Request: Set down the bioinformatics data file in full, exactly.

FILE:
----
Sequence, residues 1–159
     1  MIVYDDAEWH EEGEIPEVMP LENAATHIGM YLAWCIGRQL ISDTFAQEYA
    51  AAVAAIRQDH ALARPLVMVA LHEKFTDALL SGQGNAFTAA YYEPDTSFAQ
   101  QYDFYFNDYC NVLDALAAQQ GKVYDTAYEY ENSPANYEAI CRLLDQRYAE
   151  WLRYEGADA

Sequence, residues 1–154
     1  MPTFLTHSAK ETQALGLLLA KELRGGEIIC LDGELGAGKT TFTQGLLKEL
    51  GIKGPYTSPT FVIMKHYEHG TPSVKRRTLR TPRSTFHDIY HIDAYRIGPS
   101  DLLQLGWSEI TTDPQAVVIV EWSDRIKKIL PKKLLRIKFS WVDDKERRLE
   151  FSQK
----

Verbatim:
Sequence, residues 1–159
     1  MIVYDDAEWH EEGEIPEVMP LENAATHIGM YLAWCIGRQL ISDTFAQEYA
    51  AAVAAIRQDH ALARPLVMVA LHEKFTDALL SGQGNAFTAA YYEPDTSFAQ
   101  QYDFYFNDYC NVLDALAAQQ GKVYDTAYEY ENSPANYEAI CRLLDQRYAE
   151  WLRYEGADA

Sequence, residues 1–154
     1  MPTFLTHSAK ETQALGLLLA KELRGGEIIC LDGELGAGKT TFTQGLLKEL
    51  GIKGPYTSPT FVIMKHYEHG TPSVKRRTLR TPRSTFHDIY HIDAYRIGPS
   101  DLLQLGWSEI TTDPQAVVIV EWSDRIKKIL PKKLLRIKFS WVDDKERRLE
   151  FSQK